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 A236255 Prime numbers s for which there exist primes p, q, r such that phi(pqs)=phi(rs^3), sigma(pqs)=sigma(rs^3). 1
 2, 3, 5, 7, 31, 43, 139, 157, 191, 269, 293, 337, 463, 557, 593, 683, 709, 757, 769, 983, 1021, 1567, 1583, 2293, 2309, 2689, 2707, 2801, 2917, 3319, 3323, 3583, 3823, 4271, 5507, 5557, 6037, 6043, 6079, 6151, 6469, 6779, 6959, 6977, 7207, 7963, 8419, 8429, 8521, 8627, 8663, 8861, 8887, 9677, 9769, 10163, 10613, 10847, 11003 (list; graph; refs; listen; history; text; internal format)
 OFFSET 1,1 COMMENTS Obviously tau(pqs) = tau(rs^3). So we have pairs of terms of A134922. s = 593 is the least number such that there are just two matching pairs: (593*381187517*703949, 593^3*763079633) and (593*3911429*780389, 593^3*8680337). And for s = 853693 there are as many as 3 matching pairs. LINKS Vladimir Letsko, Math Marathon, problem 163 (in Russian) EXAMPLE 2 is in the sequence because for p = 11, q = 29, r = 71 we have phi(pqs)=phi(rs^3) and sigma(pqs)=sigma(rs^3). MAPLE is_A236255:=proc(s::prime) local f, Q, c, d, cc, p, q, r; f:=false:c:=2*s^2+1: cc:=(c^2-1)/2; Q:=numtheory[divisors](cc): for d in Q do q:=d+c: if isprime(q) then p:=c+cc/(q-c): if p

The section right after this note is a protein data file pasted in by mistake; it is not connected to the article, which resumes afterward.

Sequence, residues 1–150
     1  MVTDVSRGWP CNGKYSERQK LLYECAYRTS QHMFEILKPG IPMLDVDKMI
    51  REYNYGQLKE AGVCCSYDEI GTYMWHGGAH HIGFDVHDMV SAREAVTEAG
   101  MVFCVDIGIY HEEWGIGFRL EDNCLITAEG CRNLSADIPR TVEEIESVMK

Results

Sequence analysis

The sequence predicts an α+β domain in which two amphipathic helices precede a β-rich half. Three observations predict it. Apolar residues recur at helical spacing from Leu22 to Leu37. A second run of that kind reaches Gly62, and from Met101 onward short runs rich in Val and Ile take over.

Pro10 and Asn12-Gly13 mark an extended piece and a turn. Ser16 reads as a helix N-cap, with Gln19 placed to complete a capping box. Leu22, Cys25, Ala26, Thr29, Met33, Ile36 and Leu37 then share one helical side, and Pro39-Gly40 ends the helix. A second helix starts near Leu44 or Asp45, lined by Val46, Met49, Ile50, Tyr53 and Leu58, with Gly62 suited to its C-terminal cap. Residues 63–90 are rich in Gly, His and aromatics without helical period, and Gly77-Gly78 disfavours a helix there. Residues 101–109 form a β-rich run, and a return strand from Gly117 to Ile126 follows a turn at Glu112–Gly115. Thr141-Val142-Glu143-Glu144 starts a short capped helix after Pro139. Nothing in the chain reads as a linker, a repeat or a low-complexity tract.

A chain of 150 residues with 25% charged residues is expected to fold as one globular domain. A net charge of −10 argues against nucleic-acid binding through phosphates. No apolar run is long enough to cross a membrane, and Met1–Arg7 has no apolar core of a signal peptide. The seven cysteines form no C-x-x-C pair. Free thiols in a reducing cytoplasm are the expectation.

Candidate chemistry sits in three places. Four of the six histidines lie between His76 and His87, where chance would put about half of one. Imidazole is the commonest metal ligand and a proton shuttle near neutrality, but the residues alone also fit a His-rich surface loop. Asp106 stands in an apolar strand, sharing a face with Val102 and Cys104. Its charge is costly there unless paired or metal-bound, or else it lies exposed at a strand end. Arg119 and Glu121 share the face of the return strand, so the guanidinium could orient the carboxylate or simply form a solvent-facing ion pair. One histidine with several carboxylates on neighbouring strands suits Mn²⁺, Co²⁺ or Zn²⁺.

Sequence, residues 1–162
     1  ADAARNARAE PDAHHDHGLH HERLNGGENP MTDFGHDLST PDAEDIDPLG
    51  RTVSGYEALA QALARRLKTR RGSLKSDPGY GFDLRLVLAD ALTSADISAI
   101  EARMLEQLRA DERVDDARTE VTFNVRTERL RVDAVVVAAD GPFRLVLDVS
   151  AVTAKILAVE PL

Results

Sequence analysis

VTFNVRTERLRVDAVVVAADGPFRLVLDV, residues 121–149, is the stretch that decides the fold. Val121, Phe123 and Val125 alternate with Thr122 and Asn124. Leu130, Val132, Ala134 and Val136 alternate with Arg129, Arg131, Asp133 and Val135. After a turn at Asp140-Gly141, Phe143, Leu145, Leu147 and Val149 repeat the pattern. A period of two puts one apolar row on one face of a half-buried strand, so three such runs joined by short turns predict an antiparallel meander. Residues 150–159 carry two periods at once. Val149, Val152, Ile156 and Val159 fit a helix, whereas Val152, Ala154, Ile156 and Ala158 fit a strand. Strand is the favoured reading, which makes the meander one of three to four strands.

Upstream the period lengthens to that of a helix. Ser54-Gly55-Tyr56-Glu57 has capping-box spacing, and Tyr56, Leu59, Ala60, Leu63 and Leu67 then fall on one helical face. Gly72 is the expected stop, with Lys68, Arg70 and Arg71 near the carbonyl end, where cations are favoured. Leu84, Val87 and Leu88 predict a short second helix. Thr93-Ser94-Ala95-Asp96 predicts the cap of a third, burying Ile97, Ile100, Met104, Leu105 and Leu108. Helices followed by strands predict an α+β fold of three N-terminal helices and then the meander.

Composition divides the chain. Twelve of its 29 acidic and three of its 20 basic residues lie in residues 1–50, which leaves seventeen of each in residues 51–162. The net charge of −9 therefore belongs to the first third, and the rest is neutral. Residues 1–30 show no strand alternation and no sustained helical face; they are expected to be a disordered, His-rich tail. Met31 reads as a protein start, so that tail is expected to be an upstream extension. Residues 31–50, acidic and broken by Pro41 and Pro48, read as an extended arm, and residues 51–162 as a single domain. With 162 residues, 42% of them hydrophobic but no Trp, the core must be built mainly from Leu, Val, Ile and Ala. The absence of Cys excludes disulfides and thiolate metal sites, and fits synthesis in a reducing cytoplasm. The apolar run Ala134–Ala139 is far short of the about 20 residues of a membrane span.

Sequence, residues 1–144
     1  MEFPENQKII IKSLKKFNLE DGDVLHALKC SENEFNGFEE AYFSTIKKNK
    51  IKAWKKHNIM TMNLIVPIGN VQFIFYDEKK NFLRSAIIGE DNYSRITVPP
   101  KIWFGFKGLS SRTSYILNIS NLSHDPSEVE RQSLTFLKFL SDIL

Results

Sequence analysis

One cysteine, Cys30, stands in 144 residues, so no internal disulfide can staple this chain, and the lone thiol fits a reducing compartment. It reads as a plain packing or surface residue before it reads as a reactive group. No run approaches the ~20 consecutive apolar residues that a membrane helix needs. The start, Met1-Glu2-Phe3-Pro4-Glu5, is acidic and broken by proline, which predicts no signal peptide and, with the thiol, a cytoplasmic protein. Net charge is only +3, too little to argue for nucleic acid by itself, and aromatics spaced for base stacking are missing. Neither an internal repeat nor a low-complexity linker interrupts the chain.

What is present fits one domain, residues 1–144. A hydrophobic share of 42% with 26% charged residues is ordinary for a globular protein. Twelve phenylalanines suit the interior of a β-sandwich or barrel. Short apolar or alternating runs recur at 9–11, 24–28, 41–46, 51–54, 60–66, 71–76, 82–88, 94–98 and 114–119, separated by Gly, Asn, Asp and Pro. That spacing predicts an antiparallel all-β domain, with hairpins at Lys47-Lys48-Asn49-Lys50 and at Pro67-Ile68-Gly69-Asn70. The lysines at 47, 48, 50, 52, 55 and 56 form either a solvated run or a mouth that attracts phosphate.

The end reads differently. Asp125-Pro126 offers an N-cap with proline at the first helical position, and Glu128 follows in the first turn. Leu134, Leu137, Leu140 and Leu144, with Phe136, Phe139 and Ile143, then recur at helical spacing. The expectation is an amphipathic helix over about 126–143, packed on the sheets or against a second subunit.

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Last modified May 17 16:03 EDT 2021. Contains 343980 sequences. (Running on oeis4.)